Vision Impossible: Capturing the Object of the Sublime

visual art Prague Eva Fajcikova

Historical depictions of heroism, insanity, and even horrifying sickness all have something in common. They each exemplify the wide spectrum of the human mind, and how many artists have attempted to capture it. 

One such artist is Eva Fajcikova {@eva.fajcikova} who debuted her exhibition titled ‘Mirage’ at VNITROBLOCK right in the Art District of Prague. She channeled several common themes such as mental instability, rage, and regal femininity that all seemingly matched into a single narrative. We were lucky enough to have the chance to chat with Eva at her Pragovka studio. 


Art of Prague: When we saw ‘Mirage’, your style reminded us of Francis Bacon. In fact, there’s a painting right here in your studio [pictured below] that resembles his portrait of Pope Innocent X.

Eva Fajcikova: Yes, I really like Bacon, especially his portraits. Bacon made several studies like these which are frightening, yet awe-inspiring. This painting of mine is actually not finished yet…so we’ll see!

visual art Prague Eva Fajcikova

Well, it’s a great work-in-progress! We also interpreted some themes in your exhibition like rage, vanity and spirituality. What exactly are you trying to express about humanity?

Actually, what I want to portray are women. If you noticed, they make up the vast majority of my subjects. Throughout history, women have mostly been shown in passive roles. You know the lady sitting on the sofa in my painting Pythia? That’s the typical feminine depiction. She’s passive, beautiful, lying and doing nothing like it’s her only job. With Mirage, I wanted to flip that on its head.
So in contrast to Pythia, Ecstasy of St. Therese shows female nurses in a psychiatric hospital restraining mad women. There is an evil, terrifying aspect to the painting that’s important for me to portray. Usually people don’t want to see women experiencing the full range of emotions…And it’s especially difficult to find in art.
When I paint women they may be beautiful, but they are also bloody, they are destroying something, they are fighting each other. That’s not something many people ever expect to see in art. Even nowadays, people don’t like female boxers because women aren’t supposed to fight. Their role is a nurturing one, but this aspect is not inherent to every single woman.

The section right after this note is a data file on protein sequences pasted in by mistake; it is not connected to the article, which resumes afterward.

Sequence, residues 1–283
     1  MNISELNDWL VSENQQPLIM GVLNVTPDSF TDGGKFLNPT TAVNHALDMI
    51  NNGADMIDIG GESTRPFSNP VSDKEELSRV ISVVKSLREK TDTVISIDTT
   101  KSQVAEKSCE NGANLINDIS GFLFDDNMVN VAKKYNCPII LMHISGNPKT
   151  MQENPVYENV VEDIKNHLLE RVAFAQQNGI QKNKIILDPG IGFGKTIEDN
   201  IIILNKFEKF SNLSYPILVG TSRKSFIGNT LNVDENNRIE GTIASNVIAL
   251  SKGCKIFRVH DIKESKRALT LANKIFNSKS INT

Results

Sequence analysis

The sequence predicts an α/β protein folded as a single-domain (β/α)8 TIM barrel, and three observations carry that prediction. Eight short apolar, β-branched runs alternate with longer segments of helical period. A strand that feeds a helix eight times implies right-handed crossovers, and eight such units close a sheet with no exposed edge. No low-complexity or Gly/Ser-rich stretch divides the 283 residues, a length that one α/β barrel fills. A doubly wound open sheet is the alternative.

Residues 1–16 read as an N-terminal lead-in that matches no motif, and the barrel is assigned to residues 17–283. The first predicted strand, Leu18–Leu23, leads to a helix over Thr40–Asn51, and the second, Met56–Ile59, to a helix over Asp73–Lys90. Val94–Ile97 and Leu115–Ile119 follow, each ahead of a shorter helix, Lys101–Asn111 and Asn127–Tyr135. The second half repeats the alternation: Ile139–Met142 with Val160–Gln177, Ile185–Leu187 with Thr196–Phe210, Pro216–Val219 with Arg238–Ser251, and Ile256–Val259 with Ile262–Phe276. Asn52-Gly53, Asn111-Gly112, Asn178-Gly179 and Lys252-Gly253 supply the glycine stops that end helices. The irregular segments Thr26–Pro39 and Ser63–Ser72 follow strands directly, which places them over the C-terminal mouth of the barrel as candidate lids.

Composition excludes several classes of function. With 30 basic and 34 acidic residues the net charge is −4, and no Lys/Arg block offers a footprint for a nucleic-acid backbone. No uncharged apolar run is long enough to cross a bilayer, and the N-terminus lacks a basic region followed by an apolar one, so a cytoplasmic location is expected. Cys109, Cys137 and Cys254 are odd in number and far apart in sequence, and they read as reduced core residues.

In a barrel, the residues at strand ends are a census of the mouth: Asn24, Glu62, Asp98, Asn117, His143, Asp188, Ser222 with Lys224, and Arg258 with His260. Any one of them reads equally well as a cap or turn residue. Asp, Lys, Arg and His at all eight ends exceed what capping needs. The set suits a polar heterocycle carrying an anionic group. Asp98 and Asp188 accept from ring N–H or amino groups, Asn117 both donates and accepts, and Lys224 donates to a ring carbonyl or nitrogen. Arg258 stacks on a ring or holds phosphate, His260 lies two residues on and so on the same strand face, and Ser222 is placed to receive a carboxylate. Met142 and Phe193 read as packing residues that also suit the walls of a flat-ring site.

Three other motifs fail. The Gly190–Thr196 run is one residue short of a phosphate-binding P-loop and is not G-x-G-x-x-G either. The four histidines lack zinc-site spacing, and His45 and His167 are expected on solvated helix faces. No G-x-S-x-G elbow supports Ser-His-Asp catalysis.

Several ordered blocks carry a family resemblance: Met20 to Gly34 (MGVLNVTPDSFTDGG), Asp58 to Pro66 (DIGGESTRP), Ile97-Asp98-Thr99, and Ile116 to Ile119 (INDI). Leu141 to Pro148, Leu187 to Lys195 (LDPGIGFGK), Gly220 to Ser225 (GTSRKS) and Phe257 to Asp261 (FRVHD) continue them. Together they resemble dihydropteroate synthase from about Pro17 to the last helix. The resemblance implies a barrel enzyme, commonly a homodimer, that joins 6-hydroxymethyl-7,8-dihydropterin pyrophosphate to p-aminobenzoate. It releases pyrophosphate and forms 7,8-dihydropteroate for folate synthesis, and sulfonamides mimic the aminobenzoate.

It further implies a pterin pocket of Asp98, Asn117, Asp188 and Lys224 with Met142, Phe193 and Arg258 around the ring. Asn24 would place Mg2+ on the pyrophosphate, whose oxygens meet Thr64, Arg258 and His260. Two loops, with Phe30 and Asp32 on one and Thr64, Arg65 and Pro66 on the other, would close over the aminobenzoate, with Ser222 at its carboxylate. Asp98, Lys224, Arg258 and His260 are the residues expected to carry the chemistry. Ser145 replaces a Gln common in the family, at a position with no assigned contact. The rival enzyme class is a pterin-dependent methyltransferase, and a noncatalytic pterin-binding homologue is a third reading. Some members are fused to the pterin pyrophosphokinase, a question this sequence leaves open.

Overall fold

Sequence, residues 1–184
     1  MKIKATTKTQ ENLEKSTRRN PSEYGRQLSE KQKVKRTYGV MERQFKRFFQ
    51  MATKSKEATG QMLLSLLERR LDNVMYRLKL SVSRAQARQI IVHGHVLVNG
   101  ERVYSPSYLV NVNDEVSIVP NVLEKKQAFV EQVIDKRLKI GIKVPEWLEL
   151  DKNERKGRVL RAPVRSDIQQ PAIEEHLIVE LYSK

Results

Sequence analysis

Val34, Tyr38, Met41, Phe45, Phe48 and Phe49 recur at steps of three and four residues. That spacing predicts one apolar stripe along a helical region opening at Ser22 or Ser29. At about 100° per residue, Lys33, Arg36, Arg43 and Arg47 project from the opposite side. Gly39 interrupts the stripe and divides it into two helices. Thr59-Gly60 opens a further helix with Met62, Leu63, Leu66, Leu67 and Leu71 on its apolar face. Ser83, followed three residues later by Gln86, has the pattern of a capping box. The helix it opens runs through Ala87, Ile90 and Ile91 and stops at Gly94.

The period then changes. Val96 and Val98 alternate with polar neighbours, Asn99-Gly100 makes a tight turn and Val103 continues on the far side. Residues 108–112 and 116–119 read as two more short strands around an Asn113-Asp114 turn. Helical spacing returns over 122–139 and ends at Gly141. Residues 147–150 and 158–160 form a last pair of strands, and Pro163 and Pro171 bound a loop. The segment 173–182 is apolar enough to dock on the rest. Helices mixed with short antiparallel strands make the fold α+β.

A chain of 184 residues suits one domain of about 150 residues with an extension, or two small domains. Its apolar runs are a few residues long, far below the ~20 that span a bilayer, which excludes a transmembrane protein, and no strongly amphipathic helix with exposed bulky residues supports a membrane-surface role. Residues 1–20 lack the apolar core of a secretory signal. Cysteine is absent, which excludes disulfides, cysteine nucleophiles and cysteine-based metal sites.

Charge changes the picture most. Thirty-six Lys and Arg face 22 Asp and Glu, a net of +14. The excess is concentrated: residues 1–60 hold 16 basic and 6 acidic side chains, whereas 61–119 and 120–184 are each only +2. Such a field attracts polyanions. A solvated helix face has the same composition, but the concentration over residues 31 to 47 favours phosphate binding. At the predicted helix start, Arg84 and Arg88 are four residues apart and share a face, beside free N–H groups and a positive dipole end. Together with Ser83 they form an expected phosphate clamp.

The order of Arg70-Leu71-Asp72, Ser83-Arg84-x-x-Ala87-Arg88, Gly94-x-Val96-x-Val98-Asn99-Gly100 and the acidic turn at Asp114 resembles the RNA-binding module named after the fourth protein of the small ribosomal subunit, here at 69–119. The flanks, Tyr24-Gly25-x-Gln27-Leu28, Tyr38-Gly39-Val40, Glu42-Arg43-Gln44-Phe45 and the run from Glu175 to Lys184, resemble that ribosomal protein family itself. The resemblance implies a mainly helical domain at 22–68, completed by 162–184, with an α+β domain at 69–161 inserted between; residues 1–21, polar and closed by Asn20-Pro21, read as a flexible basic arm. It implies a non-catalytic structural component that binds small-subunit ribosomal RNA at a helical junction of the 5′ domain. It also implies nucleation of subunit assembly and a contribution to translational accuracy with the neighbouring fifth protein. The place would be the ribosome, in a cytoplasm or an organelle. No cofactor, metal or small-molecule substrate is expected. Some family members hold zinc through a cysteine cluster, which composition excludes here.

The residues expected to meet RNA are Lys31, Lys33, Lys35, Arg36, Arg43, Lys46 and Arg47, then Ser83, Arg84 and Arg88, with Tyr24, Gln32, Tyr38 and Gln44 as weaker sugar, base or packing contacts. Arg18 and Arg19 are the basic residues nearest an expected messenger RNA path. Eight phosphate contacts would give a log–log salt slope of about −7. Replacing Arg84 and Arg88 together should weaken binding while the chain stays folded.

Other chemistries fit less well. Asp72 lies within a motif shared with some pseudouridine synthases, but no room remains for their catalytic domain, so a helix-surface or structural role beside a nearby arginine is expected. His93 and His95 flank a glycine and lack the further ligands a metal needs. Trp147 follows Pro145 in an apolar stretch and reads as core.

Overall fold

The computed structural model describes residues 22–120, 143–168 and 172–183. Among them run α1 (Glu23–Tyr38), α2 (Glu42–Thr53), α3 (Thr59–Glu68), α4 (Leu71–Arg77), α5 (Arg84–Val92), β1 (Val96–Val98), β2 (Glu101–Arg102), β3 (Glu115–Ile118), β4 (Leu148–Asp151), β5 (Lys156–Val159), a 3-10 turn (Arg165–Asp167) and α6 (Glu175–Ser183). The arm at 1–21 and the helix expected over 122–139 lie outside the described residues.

visual art Prague Eva Fajcikova

You went through a bit of a “purple phase” with Mirage. Why did your paintings center around this hue?

The Tower, my collection before Mirage, was really monochromatic. I used around three total colors on average per painting. This was really maddening because when you create paintings with just a few colors, it becomes repetitive. So I really needed a change.


Your artistic journey looks similar to that of Picasso with his blue and rose periods. Have you had any other phases with color?

Actually, my very first phase was way too colorful. Since I have no problem duplicating any color I see, it’s easy for me to go a little crazy. The paintings then seemed too amateur, and a bit naive.
In Europe and the Western world, monochromatics are deemed more sophisticated than colorful things. If you think of the stereotypical artist, architect, or writer, they’re always wearing black. You see, gypsy people use SO much color, but people associate that with kitsch. However, labelling something “kitsch” is nothing more than a learned habit.
But as for me, I probably need to control myself with color [laughing]. I like color a bit too much.

It’s interesting that color was such a primary motivation for this collection because a mirage is defined as something that the eyes can see, but the brain misinterprets and assigns its own meaning to. What do you think of this explanation?

When you read religious texts, you discover accounts of people who have had visions of prophets and angels guiding them. Many of them are given the title of ‘saint’, or are at least held to incredibly high esteem. If you imagine how that is interpreted in modern times, it’s no surprise that society labels people who have visions as sick. We say that they are schizophrenic, hysterical, or just in need of some serious help. In general, we have a problem in our culture with “abnormal” people who are different. We think that the things they see aren’t real. But how can we really know? When we think of the old saints…sure, they may have been a bit mad, but that doesn’t mean that what they saw wasn’t real. So for me, this is the mirage, the illusion that I’m trying to capture in my collection. 

So you’re trying to make a statement about the hidden parts of reality.

Primarily, I aim to paint the object of the Sublime. The Sublime is a very complicated subject with many subliminary categories, and it’s difficult to achieve on a 2D canvas because it’s so abstract. I don’t know if I will ever achieve it, to be honest. However, it is a lifelong journey of mine – similar to reaching enlightenment, in a way. The challenge is that the whole idea behind the Sublime is that it is indescribable, like the holiness of the woman. You can’t paint it, because then it wouldn’t be Sublime. Just like if you knew how to describe a God, then it wouldn’t be a God.

We couldn’t agree more. What about you? Be sure to stop by the Dudes&Barbies gallery at VNITROBLOCK until September 16th to see Mirage for yourself. 

For more information regarding Eva’s current and future exhibitions, visit her website and follow her on Instagram @eva.fajcikova

visual art Prague Eva Fajcikova


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